Huckabee Endorsement Continues to Inspire Minutemen Infighting, Break-Ups

After Minutemen co-founder Jim Gilchrist endorsed Mike Huckabee last week, other anti-immigrant border vigilantes rushed to repudiate their erstwhile comrade. Chris Simcox, who split with Gilchrist in 2005, dismissed the latter’s influence and criticized Huckabee’s “duplicitous” immigration program. The leader of another Minutemen splinter group called the endorsement “disturbing.”

A variety of anti-immigrant groups also came out of the woodwork to pile on Gilchrist in a letter distributed by Americans for Legal Immigration: “We denounce Jim Gilchrist’s solo endorsement of a pro-amnesty and Open Borders candidate for President. Mr. Gilchrist does NOT speak for us!” Signatories included representatives of a number of local Minutemen franchises, a FAIR front group, Mothers Against Illegal Aliens, Save Our State, California Coalition for Immigration Reform, and many more.

This week, Gilchrist is facing heavy pressure from WorldNetDaily reporter Jerome Corsi, the premier advocate of the “North American Union” conspiracy theory. Corsi’s approach, rather than simply denouncing Gilchrist, was to confront him with the claim that Huckabee’s immigration program contained some element making it unacceptable to them. In response, Gilchrist “backtracked” on his endorsement, according to a Corsi article titled “Minuteman reconsiders Huckabee endorsement.”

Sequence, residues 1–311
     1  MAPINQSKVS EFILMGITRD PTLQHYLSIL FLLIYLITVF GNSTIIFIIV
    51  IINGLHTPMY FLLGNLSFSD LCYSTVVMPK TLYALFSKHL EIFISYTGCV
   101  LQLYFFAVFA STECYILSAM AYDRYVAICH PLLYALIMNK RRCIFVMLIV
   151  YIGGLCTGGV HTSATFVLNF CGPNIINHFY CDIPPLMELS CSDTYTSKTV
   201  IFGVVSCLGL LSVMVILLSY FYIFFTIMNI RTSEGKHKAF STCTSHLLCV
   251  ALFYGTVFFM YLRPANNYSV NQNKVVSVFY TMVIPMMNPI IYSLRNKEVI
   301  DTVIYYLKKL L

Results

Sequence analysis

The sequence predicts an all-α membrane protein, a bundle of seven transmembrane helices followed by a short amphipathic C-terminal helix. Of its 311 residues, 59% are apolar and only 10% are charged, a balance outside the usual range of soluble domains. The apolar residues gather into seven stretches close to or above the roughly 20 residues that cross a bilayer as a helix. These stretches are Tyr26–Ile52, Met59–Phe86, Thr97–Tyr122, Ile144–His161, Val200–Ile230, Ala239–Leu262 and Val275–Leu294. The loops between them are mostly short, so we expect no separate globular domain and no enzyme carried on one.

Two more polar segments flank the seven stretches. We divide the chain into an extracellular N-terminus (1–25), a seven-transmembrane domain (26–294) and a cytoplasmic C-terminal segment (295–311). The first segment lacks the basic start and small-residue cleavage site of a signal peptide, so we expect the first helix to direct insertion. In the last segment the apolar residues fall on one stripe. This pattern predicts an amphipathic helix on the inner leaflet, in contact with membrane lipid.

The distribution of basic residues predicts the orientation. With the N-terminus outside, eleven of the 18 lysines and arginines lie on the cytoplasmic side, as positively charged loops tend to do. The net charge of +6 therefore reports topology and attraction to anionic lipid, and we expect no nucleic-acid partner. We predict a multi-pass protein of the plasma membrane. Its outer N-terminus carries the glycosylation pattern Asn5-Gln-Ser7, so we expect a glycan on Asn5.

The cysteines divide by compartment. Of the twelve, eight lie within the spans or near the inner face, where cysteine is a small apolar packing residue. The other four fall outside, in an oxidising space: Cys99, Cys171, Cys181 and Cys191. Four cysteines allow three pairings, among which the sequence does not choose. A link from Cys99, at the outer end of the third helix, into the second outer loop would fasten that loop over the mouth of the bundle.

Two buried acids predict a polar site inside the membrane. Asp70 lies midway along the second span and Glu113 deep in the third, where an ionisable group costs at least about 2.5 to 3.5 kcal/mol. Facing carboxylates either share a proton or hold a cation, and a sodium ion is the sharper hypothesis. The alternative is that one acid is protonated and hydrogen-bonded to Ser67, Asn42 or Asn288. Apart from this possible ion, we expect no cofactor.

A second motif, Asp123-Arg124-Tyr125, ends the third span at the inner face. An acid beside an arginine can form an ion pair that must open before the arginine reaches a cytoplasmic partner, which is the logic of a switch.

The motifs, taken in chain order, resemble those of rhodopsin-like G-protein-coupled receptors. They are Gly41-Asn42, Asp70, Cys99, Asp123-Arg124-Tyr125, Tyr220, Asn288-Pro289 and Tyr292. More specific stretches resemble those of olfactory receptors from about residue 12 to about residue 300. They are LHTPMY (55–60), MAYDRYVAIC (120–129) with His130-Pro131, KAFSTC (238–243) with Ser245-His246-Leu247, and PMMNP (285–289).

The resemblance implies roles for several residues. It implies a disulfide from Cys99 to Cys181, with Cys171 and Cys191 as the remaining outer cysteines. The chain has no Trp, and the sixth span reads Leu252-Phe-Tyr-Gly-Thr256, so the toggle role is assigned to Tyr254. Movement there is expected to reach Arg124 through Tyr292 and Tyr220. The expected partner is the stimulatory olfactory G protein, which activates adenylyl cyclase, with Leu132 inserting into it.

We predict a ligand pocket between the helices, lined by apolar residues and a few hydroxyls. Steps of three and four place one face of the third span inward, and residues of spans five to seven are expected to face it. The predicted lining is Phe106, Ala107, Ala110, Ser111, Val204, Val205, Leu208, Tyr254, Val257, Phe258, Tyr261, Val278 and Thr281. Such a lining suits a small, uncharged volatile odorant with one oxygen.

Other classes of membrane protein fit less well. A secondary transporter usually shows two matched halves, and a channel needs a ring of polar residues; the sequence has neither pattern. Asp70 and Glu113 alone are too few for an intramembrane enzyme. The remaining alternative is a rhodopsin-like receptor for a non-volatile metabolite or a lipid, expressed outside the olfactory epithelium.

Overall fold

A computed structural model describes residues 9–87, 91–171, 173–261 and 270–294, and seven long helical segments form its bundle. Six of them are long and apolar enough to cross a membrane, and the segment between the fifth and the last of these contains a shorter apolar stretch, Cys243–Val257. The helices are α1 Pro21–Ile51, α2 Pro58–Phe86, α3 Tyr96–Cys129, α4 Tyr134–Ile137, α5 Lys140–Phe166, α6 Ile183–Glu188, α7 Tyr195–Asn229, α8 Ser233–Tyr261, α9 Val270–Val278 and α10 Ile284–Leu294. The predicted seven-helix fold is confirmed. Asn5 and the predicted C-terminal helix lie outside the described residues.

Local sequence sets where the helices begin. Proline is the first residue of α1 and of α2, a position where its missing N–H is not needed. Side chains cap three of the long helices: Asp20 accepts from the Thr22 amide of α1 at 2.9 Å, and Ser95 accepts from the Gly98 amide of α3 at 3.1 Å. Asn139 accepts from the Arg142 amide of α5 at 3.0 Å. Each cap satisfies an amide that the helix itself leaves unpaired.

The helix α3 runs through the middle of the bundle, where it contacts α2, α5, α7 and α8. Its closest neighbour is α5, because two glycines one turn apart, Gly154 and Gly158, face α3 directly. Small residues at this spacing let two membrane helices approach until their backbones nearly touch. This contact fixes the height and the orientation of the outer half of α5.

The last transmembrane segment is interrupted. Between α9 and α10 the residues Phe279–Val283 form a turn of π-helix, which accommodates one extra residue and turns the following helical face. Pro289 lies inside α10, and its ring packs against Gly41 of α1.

The only problem with Corsi’s friendlier approach—helping Gilchrist along with his retraction of the endorsement—is that Gilchrist denies it:

But Gilchrist says Corsi’s article is not accurate. “I am holding firm. I am endorsing Governor Mike Huckabee for president. I’m not wavering or waffling,” he states.

And as for the WorldNetDaily report? “I have to say that Mr. Corsi really made me feel like he was interrogating me like a police investigator or a prosecuting attorney, rather than interviewing me,” Gilchrist asserts. “He kept insisting that I was waffling — and I did not say that; he kept saying that. And apparently he had an agenda.”

But Corsi says he sticks by his story. “If Jim can’t keep his story straight from one day to the other, … I’ll be happy to play back [for him] the recordings I made of him each day and Jim can listen to himself saying that he was going to reconsider the endorsement of Huckabee,” he says.

What’s strangest about this exchange between Corsi and Gilchrist—with misunderstandings, hurt feelings, agendas—is that the two know each other very well. They wrote a book together on the Minutemen last year. Now, sadly, it seems they are no longer on speaking terms: Corsi’s latest article, which accuses Gilchrist of going soft, ends with the poignant line, “Gilchrist declined to comment.”